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Indigenous tree

Scientific name: Acacia sieberana;

English Name: Paperback thorn

Local Name: Mtubetube, Munganuns (B)

General information

Acacia, commonly known as paperbark thorn or paperbark acacia, is a small to medium-sized tree native to tropical Africa, in the north to Ethiopia, and in the south to countries including South Africa, Swaziland, Botswana, Namibia, Zimbabwe and Zambia. Tree to 18 m high, branches usually spreading, crown typically flattened and spreading or umbrella-shaped, sometimes branches ascending and crown conical, particularly in young plants.

Health benefits

A decoction of the root is taken as remedy for stomach-ache. The decoction is also administered for the treatment of inflammation of the urinary tract and as a pain reliever. In addition, the bark decoction is also used as an astringent for cold, chest problems, cough, haemorrhage, eye inflammation, and for the treatment of gonorrhoea in some parts of Africa.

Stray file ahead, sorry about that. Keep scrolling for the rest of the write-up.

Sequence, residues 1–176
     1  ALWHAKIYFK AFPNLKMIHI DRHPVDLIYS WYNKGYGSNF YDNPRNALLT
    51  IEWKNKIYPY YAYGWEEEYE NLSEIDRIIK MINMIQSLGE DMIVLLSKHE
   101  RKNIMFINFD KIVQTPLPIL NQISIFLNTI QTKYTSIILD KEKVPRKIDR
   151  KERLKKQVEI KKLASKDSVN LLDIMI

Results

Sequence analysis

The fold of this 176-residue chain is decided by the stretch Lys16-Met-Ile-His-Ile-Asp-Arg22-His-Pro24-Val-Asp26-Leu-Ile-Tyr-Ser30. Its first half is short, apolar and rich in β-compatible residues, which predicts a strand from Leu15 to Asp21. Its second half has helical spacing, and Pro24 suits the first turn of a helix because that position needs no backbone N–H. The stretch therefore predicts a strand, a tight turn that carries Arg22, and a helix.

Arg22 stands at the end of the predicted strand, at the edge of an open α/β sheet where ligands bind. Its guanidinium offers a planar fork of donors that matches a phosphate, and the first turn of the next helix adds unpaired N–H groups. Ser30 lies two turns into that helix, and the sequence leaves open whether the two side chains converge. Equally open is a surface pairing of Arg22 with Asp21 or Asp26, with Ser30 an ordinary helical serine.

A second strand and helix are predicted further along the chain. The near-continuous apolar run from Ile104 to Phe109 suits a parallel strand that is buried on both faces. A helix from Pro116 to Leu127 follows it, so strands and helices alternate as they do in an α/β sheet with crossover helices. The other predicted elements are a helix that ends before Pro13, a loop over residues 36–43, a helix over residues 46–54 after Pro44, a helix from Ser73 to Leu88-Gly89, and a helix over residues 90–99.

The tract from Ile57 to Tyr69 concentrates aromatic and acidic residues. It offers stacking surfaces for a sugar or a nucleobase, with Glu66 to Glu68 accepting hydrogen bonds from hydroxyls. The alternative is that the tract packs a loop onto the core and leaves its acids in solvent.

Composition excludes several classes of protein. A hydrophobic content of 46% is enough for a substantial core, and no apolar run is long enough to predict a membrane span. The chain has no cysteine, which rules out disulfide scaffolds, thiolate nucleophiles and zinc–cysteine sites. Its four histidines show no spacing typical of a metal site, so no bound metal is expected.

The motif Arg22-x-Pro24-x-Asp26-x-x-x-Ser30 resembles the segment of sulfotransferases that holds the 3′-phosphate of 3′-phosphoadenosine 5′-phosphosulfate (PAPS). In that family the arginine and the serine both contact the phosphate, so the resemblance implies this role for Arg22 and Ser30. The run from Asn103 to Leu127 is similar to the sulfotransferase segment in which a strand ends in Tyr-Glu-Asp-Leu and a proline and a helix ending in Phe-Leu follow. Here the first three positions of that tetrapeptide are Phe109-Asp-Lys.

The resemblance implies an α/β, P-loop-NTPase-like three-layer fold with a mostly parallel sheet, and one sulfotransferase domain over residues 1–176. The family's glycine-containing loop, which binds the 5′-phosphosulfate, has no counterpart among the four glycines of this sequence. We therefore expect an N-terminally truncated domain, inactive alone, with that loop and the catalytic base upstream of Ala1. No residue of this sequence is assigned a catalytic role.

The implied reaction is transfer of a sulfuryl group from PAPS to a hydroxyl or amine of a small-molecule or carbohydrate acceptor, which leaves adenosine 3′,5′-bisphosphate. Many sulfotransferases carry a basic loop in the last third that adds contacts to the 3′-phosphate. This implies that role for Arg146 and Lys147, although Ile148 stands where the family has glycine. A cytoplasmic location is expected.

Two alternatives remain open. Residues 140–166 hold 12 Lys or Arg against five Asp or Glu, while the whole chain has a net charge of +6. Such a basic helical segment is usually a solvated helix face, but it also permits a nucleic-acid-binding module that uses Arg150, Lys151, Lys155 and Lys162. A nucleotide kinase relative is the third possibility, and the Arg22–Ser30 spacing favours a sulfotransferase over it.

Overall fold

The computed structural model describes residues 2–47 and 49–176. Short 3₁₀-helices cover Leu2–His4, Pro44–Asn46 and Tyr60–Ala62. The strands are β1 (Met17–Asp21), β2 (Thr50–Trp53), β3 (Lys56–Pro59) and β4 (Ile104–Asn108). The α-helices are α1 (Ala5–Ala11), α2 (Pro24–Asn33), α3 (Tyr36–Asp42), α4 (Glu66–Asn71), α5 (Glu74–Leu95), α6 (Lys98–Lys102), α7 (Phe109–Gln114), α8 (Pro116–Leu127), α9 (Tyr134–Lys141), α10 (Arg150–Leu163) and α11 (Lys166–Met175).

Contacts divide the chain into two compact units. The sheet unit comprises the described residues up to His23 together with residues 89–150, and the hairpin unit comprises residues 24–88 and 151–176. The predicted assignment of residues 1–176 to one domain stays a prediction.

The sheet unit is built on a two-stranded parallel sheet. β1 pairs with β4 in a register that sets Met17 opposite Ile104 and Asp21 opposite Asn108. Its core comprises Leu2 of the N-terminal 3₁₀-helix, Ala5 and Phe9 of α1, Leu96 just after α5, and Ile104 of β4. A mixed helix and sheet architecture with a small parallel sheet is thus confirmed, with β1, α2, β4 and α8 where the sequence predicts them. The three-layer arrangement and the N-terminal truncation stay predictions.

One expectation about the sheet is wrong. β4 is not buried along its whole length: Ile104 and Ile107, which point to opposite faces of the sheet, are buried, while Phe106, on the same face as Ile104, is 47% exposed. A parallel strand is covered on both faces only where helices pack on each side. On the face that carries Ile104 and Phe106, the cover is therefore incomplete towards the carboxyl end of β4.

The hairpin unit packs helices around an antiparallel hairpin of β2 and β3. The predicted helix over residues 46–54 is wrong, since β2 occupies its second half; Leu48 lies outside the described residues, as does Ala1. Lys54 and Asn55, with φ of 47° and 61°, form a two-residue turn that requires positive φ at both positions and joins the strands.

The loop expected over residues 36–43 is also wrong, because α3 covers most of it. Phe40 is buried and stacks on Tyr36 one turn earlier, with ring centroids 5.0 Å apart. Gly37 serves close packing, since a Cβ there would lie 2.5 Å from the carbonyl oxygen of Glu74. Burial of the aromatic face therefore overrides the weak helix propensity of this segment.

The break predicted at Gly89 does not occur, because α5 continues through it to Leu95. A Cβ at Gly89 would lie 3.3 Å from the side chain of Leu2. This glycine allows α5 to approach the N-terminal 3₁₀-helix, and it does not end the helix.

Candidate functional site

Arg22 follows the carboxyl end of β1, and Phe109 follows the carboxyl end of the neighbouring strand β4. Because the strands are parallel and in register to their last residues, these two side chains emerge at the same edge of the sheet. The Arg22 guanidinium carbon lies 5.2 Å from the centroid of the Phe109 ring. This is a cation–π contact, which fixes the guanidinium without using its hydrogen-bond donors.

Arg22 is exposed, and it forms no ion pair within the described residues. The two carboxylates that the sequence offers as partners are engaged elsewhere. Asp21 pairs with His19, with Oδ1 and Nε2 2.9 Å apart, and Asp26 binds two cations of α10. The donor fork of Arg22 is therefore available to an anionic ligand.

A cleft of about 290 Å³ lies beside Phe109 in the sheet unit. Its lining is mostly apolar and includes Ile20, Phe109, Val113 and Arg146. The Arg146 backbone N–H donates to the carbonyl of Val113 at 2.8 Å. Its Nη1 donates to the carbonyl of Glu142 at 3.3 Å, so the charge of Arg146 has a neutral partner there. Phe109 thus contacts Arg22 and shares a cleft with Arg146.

The bark, leaves and gums are used to treat tapeworm, bilharzia, haemorrhage, orchitis, colds, diarrhoea, gonorrhoea, kidney problems, syphilis, ophthalmia, rheumatism and disorders of the circulatory system. It is also used as an astringent. The pods serve as an emollient, and the roots for stomach-ache, acne, tapeworms, urethral problems, oedema and dropsy.

Agro-forestry and Livestock benefits

The pods, leaves and young shoots are highly nutritious and serve as forage for livestock in the dry season. The pods are collected for fattening sheep especially in Sudan, however are said to taint milk. Flowers are good bee forage, and hives are often placed on the tree.

Harvest: Up to 70-140kg pods

Human benefits

Paperback thorn wood is fairly hard The termite resistant,  and used to make furniture, and handles for implements such as hoes. The gum obtained from the stem bark is edible and is also used to make ink. The bark is used to make a cordage fibre, used for tunning and dyes.  The tree is also good source of firewood.